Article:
Lily58 R2G Mechanical Keyboard

Last year I was looking through the shop at Mechboards and saw that they had a number of Lily58 R2G (ready to go) kits available. These are kits that have all of the soldering done and are pretty much complete, they just need some switches, keycaps and assembly.

My trusty Keychron K2 has been my daily driver for about 3 years now, so I was looking for something a bit different to type on. I have found that if I try to swap to a keyboard that is similar to the K2 I end up hitting the wrong keys.

The different layout of the Lily58 meant that I wouldn't make mistakes hitting the wrong keys when the keyboard was so similar. I knew I would need to learn a different typing style, but that shouldn't take me too long.

The kit it self is pretty bare bones as it doesn't come with switches or keycaps, so I set about ordering them along with the board. The board contains hotswap sockets for the switches, LED lighting and two LED screens. 

Switches

After some deliberation I went for some Gateron SMD Blacks, also from Mechboards.

These are linear switches with a 60g actuation force, so whilst not the heaviest to type on, they should certainly provide a smooth typing experience.

The "SMD" here stands for "Surface Mounted Device", which are devices like LEDs that are attached to the surface of the board. These switches are essentially half transparent and allow light from LEDs to shine through them, which is useful for the Lily58 since it has surface mounded LEDs for RGB lighting.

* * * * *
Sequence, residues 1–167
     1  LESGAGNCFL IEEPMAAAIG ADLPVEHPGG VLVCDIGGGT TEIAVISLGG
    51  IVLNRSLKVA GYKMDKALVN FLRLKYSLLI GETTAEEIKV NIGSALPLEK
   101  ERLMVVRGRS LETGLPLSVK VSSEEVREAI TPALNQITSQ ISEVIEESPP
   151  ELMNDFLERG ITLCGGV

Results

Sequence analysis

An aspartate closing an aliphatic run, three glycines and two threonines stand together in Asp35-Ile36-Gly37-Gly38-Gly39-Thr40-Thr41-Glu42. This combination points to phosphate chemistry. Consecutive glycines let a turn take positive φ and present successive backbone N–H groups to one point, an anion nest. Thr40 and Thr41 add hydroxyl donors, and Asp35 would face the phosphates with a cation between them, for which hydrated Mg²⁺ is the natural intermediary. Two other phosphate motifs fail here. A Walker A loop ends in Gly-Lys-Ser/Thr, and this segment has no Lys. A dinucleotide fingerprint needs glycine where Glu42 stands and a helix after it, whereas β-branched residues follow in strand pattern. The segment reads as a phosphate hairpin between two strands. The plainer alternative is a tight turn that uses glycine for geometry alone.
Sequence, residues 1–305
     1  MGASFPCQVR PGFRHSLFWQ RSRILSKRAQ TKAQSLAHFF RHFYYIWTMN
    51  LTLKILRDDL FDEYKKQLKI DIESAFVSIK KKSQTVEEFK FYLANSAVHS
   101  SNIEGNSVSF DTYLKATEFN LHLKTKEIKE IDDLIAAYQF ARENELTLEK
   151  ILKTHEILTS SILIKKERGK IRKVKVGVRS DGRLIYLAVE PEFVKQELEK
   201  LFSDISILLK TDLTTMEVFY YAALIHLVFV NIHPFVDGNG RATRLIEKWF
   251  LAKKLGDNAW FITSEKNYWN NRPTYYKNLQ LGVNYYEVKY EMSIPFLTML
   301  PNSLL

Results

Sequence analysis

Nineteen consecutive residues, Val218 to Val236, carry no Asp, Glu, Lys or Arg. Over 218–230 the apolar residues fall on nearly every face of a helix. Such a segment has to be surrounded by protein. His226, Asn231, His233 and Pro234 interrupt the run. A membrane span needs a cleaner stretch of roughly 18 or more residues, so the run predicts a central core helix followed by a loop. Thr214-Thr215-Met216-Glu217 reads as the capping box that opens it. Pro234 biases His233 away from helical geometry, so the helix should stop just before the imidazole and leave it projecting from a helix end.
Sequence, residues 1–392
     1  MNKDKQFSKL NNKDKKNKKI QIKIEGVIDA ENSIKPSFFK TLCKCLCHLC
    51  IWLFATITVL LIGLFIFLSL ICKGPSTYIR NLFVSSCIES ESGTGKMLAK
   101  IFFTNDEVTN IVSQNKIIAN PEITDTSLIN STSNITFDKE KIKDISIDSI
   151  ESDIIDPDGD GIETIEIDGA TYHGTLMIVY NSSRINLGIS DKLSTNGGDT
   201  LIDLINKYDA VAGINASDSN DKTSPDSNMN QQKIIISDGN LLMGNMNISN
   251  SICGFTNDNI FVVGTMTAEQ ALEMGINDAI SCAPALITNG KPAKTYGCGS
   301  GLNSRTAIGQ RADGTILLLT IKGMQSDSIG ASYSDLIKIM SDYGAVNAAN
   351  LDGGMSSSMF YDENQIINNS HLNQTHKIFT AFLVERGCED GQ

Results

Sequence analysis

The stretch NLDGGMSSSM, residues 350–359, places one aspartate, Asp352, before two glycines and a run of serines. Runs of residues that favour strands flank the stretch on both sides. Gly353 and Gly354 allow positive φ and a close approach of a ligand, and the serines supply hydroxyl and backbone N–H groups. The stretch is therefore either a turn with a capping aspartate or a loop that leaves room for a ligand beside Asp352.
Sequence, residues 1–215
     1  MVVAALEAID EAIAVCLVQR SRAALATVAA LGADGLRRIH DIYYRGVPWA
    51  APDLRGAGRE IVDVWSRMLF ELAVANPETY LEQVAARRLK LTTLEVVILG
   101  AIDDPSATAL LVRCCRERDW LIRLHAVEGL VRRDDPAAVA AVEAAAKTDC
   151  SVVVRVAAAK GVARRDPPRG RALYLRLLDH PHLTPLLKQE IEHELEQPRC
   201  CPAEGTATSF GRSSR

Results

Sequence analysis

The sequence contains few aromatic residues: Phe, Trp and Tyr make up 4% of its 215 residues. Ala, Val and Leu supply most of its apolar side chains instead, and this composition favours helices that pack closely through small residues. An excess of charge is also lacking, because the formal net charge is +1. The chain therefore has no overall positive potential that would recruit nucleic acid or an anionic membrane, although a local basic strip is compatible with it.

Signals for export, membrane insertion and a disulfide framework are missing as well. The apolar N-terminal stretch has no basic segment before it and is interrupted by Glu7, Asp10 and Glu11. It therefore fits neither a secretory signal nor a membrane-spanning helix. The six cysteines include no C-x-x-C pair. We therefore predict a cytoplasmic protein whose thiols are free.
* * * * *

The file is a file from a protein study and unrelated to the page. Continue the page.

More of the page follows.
Finding Keycaps

The Lily58 is an ortholinear keyboard, which means that the keys are arranged in straight rows, rather than staggered like they are on "normal" keyboards.

As this is an ortholinear keyboard it means that it's actually quite difficult to find keycaps for it. This is a common problem if you go for this type of keyboard as there aren't many stores in the UK that sell these sets.

What you need is a set of keycaps that are the same height but also the same shape. Most keycaps tend to be CherryMX style where the bottom row (with the spacebar) is shorter than the top row. There are a few different variants of this style.

As a result I initially went for a set of OEM profile keycaps which are the same height, but have different shapes for different keys. For example, the arrow keys on most keyboards will slope towards each other.

The OEM keycaps I bought were again from Mechboards. These were shine-through keycaps that I thought would look good with the LED lights contained in the board itself. They are "double shot" meaning that they contain two molds of plastic and so are hard wearing.

Assembly

The package from Mechboards contained the components needed for the keyboard, unassembled.

Here's the contents of the pack.

The un-assembled parts of a Lily58 keyboard.

After about half an hour I had everything put together and running.

The Lily58 keyboard after the first power on.

The default colour of the LEDs is red, which shows that the board is working.

Here you can clearly see the ortholinear arrangement of the keys. This image is also a bit of a demonstration of the difficulty in getting a keycap set that will fit the keyboard. I had to use a Ctrl key for the two innermost keys (which act as the space bar and enter keys) which makes them stick up at a strange angle. The rest of the keys fitted quite well though.

The "case" is pretty minimal, and is essentially used to protect the board from direct contact. I certainly wouldn't call this a complete case, but it does the job I need for office use. It is possible to get more complete Lily58 cases from online suppliers, even Mechboards occasionally has some for sale.

With the keyboard assembled it was a case of configuring the keyboard.

Configuring With VIA

The keyboard runs QMK, which is an open source keyboard operating system. I've talked about this before when I looked at a RoMac Plus FauxMax Macropad Kit.

As well as configuring through QMK controls it can also be configured though VIA. All you have to do is plug the keyboard in and visit the website. The VIA app should detect the board and load it up.